Tuesday, March 18, 2014

Umbrella rigging

Several people have asked how I attach my umbrella to my pack so I can use it 'hands-free."  There are a few other ways to do it, but this method (that I learned from Jim (PITA)-thank you again!) is easy and inexpensive.
Hands-free, so I can use my hiking poles (or goof off).
For materials, get two shock cord loops with cordlocks (3/32" shockcord), and a short (3") piece of 1/2" (inside diameter) foam pipe insulation.

Shock Cord loops
Cut the shock cord to 8-12" lengths (I made them longer to start and then cut them down when I figured out how much I used so they wouldn’t flop around).  Thread the shock cord into a cordlock, and tie into a loop.
Shock cord loops with cordlocks.
The shock cord loops are attached to the pack at two points.  Location of the points depends on the pack (i.e. number and location of loops on the pack strap) and the angle you want the umbrella.  For greater flexibility, I larkshead the loops to the pack so I can make adjustments to change angle of the umbrella as the sun or rain moves.  I leave the loops on the pack.
Shock cord loops on the pack and foam pipe insulation on the umbrella shaft.
On our Gossamer Gear Mariposa packs, Renee and I both like the upper loop at the base of the load lifter and the lower loops near the chest strap.  Sometimes I attach the lower loop below the chest strap like shown in the previous photo, but other times I put the loop above the chest strap.  I wish there was another loop below the load lifter for the upper loop though, and may end up sewing one on eventually.

In general, distance between the shock cord attachment points affects the stability of the umbrella, so if the points are close together, the umbrella tends to move around more.  But if they are too far apart, the umbrella shaft may dig into your shoulder.

Foam Pipe Insulation
The foam pipe insulation goes around the umbrella shaft and slides up and down.  The foam keeps the umbrella more stable and provides cushion when the upper shock cord loop is secured around it.  When the umbrella is collapsed, the foam pipe insulation slides down the shaft so the umbrella can be closed completely.

“Rigging” the umbrella
Thread the umbrella shaft through the top and bottom shock cord loops.  The upper shock cord loop goes around the foam pipe insulation, and gets cinched down.  The lower cord lock rests in the groove of the umbrella handle.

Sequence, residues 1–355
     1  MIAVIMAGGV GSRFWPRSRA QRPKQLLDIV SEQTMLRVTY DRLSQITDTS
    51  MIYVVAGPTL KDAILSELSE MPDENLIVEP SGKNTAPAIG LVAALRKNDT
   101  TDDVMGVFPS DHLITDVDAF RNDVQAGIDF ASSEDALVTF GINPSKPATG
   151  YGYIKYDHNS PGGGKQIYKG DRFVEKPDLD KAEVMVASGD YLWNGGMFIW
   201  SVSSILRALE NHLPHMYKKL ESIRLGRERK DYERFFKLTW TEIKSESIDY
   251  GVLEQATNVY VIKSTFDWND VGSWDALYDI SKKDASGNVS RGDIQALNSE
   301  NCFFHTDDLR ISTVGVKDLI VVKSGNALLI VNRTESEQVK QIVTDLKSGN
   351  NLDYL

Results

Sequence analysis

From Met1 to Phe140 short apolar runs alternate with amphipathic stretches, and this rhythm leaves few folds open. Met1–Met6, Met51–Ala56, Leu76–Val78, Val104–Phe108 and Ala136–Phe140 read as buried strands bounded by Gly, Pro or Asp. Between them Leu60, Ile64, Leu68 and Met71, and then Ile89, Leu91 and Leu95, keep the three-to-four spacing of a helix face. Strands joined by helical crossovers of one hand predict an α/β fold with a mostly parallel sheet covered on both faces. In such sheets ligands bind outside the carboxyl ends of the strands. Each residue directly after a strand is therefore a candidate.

Upper shock cord around the pipe insulation, lower cord on the umbrella handle groove.
Adjust the tension of the shock cords on the umbrella by tightening or loosing the cordlocks.  This gives the umbrella less “wobble.”  If they are too tight, your shoulder may get bruised, so play with the tension or adjust the location of the foam insulation.

Hands-free without the pack
I also have a hands-free rigging method for when I'm not wearing the pack.  I use my bra strap and shirt bottom (folded over) as the two “attachment” points.  It looks funny (especially with a purple bra), but it works when I can't otherwise find a shady spot and want to have both hands free to eat.
Alternate hands-free “rigging” using bra strap and shirt.
Note about carrying the umbrella
While I just described how I use the umbrella hands-free, I also want to add that the more I use the umbrella, the more frequently I carry it in one hand and stow one or both hiking poles in my pack.  This allows me to adjust the angle of the umbrella to keep more of the sun off me.  I tend to use the hands-free rigging on long downhills (where I like to use my poles) and while bushwhacking so the umbrella doesn't get caught on branches.
Umbrella in hand while climbing over logs and ducking under brush.
During our trip to the southwest, we encountered other hikers who would look at us strange for carrying our umbrellas.  I’m used to getting funny looks- especially for wearing leg gaiters, arm sleeves, and DIY clothes- but the umbrella seemed to bring it to a whole new level.  We chuckled as dayhikers gawked, grinned when a sweet couple asked to take our picture, and smiled sheepishly when people said they could see us coming for “miles” (The shinny silver is so not LNT- it does not blend it to the environment). 
Carrying the umbrella at Canyonlands Nat'l Park.
As another umbrella-related aside, I finally figured out to reach my umbrella when it's stowed in my pack WITHOUT having to take off my pack or ask anyone for assistance.  Just for fun, here is a video of the “quick draw umbrella”:

More about umbrellas:
Excellent article by Frances Tapon about the benefits of using an umbrella.
I found further uses for the umbrella on the Arizona Trail.
Another handy umbrella tip by SlowBro, for making an umbrella sling.

Update: Rockin also has a hands-free umbrella method if this doesn't work for you.

You can't get the Chrome Dome umbrella from Golite anymore, but Gossamer Gear now carries them here.  Note that I am a Gossamer Gear Trail Ambassador, but I got my Chome Dome from Golite.

25 comments:

  1. The "quick draw umbrella", I have figured out. It's the "quick put the umbrella away" that I'm bad at!!! I'm thinking of attaching a string to the side pocket, so I can pull on the string with one hand and do a reverse "quick draw umbrella" with the other...

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    1. Haha! You're right about putting the umbrella back- completely awkward! :) Totally gotta do that string idea! :)

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  2. Thanks for the tutorial. Umbrellas haven't caught on in the Grand Canyon yet either.

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    1. Have they caught on *anywhere*? I have yet to meet anyone else carrying one.

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    2. I picked up a brolly after reading about how you use yours... I went to show it to my hiking buddy and he pulled out the one he'd just gotten. They seem to be catching on in the PNW... although 'around-town umbrellas' are seen less often in Seattle than in other places I've lived.
      Thank you for all the good info.

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    3. Hi James Volk- I suppose that makes sense that they are catching on in the PNW! Hope your new umbrella serves you well for hiking. :)